Many instances of poor writing are evident that have been produced by the faculty, including the dissertation chair. The writing does not meet upper-division and graduate-University requirements--the composition consists of short choppy sentences that are of the same sentence style, and that frequently contain modification and predication problems. Much about subordination and coordination should be important to the administrators and faculty of NCU. Their awkward wording conveys problems--readers are bound to misinterpret passages such as, "With the increasing turnover rates, the specific problem was to investigate..." Please notice that the introductory phrase incoherently modifies its subject in this case. As an introductory phrase, it illogically relates to its subject. Comprehensive and logical wording should be, for example, "the...turnover rates caused the specific problem..." Furthermore, the specific problem cannot investigate--only an individual or group of individuals can investigate. The problem in this case was the effect of increasing turnover rates on the emotional intelligence of the leader; and, the related loss of profitability. As this passage is worded in the Best Practices for the Concept Paper example, no distinct cause-and-effect relationship is conveyed between the subject and predicate, and the absence of a fully logical connection between the subject and predicate leads to confusion. Even more trying are the oxymoronic passages such as, "If you turn in a revised milestone document, you do not need to turn in a status update", and, "Please update me each week by the due date with your progress for the week"--"it is very important to NCU policy that you turn in a weekly progress report." The first clause in this case obviously is contradicted by the 2nd and 3rd clauses. Awkward wording such as this is common in the NCU Syllabi and Welcome Letters. Furthermore, my objectively worded questions about such awkward wording were ignored by the Chair, mentors, and advisors. These mentors and Chairs have not diligently pursued the subject that they are intending to instruct; nor have they prepared their syllabi. They have not read what I've submitted, and the feedback from my Chair is poorly written. Is such incoherent writing common in America today? She is not knowledgeable in language education. Wherever I have edited and revised reports and assignments for students, and as I have worked avidly in class, my faculty members have expressed gratitude for my contributions. Avid reading and writing skills clearly are not appreciated by the highly paid Department Chairs at NCU who do not understand that many students today graduate with their first degree only to discover that their senior parental figures sold their home and moved to another community. Private-interest groups are dominating financial outlets so unjustly that the literary standards of the U.S. are declining. Scholarly writing should be void of faulty expletives--poorly focused sentences that use "it" and "there" with no reference to what "it" and "there" mean. Sentences with "there" are existential sentences that should mean "there exists." However, such expletive patterns, including "it [+ a conjugation of the infinitive 'to be']" are commonly overused and misused. Conscientious University instructors do not boast steadily about their achievements as they ignore the need to answer critical questions and to improve their wording. Learning institutions must include a faculty of instructors who are concerned about proficient communicative interaction between instructor and student; and, they must convey a sense of responsibility and accountability for their actions. If NCU representatives sincerely were concerned about achieving educational goals, they would offer valid feedback with each assignment that they return to their students. Appallingly, they have been intensely offended that I posed concern about their contradictory and awkward wording. Yes, I passed the Comps and DIS1, and my GPA is 3.97; yet, the NCU system abounds in incoherent wording, communication gaps, and superiority complexes that are not evident in the most highly accredited learning institutions; consequently, I must report my observations and experiences about inevitable misunderstandings that are inherent in the Chair-Committee-student scenario. The mentors and chair do not converse or relate interactively with students about textbook assignments and milestone projects. The consequences will be severe now that I have complained to my advisor and the BBB about my NCU Chair. I complained because she is not knowledgeable in the areas of English and language instruction, which are the topics of my research in the instruction of English as a second language. In fact, I have learned that NCU maintains no English Department or English-credentialed instructor whatsoever. The salesmen who enrolled me did not reveal this issue to me. Since then, I have offered to edit/revise their literature. However, neither my Advisor nor Chair have responded conscientiously about the issues that I have shared here--these being but a couple of many more communication problems that are inherent in the operations of NCU. Of course, subversion is occurring throughout our nation today. Our academic standards are being compromised as we must interact with strangers who after all may advocate for war rather than for peaceful resolve. One may read and report about what one has read at NCU, but that may render naught as the NCU mentors and Chair are not supporting an active learning agenda. Neither are they accounting for the original promises that their sales people promised their perspective students. They should be willing to work with me; however, they are too predisposed with their goals, agenda, and private interests to respond appropriately with any hint even that they have read my work or the assigned textbooks. One would hope for improved attitudes and performance levels. Overwhelming is the quest of the faculty and staff for thousands of dollars and more, with no regard for the quality of their product. Without a doubt, active-duty military members and governmental employees are an asset for NCU's reputation, credibility, and financial portfolio. Remember, though, that these students are working from a business orientation that does not parallel the high literary standards of upper-division and graduate academia. Profit-mindedness is causing a deterioration of our national academic standards and excellent verbal skills that include critical and analytical reading and writing proficiencies. English majors who represent Cambridge and Oxford Universities and other Universities throughout the world would not approve of the practices to which I have referred here.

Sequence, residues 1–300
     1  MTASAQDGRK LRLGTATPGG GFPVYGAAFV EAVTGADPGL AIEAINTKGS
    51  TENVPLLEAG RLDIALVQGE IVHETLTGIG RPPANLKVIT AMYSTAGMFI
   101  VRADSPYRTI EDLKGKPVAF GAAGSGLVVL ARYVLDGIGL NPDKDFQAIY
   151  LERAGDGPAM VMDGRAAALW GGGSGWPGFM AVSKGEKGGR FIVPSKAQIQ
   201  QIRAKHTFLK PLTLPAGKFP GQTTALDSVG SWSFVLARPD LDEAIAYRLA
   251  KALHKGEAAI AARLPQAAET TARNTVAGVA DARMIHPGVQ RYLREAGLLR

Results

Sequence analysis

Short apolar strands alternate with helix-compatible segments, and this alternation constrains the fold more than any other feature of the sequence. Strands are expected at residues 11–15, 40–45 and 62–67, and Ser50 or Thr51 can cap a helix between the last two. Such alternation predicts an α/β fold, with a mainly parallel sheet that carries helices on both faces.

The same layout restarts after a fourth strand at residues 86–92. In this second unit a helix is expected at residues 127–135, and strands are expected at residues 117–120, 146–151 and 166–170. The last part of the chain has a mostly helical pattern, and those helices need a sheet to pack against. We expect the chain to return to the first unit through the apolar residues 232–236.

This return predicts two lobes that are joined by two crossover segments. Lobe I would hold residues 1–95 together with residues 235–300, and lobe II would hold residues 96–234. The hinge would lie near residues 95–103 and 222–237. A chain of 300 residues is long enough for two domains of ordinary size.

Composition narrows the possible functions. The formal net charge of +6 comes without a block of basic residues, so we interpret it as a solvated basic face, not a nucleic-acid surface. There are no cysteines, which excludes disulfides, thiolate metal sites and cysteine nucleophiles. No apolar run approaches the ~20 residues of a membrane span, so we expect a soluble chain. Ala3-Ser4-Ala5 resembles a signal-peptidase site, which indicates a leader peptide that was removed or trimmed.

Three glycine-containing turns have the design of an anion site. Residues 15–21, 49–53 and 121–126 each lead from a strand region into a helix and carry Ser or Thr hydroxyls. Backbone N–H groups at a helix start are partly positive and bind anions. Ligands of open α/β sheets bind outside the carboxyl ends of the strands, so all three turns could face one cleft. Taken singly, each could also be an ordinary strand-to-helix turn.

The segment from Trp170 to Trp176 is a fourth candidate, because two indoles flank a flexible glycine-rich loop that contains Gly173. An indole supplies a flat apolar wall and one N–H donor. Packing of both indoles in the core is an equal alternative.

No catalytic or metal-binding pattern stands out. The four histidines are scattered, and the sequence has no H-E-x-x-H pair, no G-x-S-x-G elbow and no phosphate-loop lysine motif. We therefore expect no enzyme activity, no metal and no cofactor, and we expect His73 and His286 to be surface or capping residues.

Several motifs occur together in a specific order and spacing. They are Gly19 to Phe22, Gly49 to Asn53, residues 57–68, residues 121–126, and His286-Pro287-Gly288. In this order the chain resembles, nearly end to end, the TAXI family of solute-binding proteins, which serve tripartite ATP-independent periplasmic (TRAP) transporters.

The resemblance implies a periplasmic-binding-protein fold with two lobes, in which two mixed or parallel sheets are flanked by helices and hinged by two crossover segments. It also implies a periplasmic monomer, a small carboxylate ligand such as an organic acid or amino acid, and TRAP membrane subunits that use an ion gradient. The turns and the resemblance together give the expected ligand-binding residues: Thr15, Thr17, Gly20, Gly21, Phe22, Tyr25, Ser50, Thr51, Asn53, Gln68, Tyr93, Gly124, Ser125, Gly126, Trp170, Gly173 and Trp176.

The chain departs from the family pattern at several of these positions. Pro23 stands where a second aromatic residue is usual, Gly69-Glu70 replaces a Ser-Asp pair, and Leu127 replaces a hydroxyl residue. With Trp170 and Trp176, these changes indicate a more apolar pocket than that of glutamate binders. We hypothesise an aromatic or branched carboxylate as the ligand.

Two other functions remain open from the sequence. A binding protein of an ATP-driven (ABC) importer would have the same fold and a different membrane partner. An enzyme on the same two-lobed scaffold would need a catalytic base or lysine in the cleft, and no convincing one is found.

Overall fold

View Related Partner Colleges

Thank you for your vote! Was this page helpful?
96% of 112 found this page helpful.
Disclaimer: GradReports makes student reviews available via this site. The views expressed by users do not necessarily reflect the views of GradReports. GradReports takes no position with respect to the information or opinions expressed in the user comments/reviews and is not responsible for their content. For additional information, refer to our Review Guidelines.

Our tuition numbers reflect data collected from the National Center for Education Statistics.

This icon indicates that a school offers annual tuition for $15,000 or less. Tuition figures reflect the most recent data from the National Center for Education Statistics or data provided by an official representative of the school.